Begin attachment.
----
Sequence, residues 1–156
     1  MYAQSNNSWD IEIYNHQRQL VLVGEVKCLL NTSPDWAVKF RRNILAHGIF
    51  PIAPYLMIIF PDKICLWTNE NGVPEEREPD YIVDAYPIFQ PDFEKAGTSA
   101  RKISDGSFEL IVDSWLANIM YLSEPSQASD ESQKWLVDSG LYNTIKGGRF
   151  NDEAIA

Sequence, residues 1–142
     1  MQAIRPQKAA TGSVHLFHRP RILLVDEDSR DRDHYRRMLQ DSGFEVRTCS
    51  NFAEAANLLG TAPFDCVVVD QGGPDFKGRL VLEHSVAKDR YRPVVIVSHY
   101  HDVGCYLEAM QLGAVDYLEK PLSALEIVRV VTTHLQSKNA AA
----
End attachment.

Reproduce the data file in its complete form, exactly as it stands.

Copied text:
Sequence, residues 1–156
     1  MYAQSNNSWD IEIYNHQRQL VLVGEVKCLL NTSPDWAVKF RRNILAHGIF
    51  PIAPYLMIIF PDKICLWTNE NGVPEEREPD YIVDAYPIFQ PDFEKAGTSA
   101  RKISDGSFEL IVDSWLANIM YLSEPSQASD ESQKWLVDSG LYNTIKGGRF
   151  NDEAIA

Sequence, residues 1–142
     1  MQAIRPQKAA TGSVHLFHRP RILLVDEDSR DRDHYRRMLQ DSGFEVRTCS
    51  NFAEAANLLG TAPFDCVVVD QGGPDFKGRL VLEHSVAKDR YRPVVIVSHY
   101  HDVGCYLEAM QLGAVDYLEK PLSALEIVRV VTTHLQSKNA AA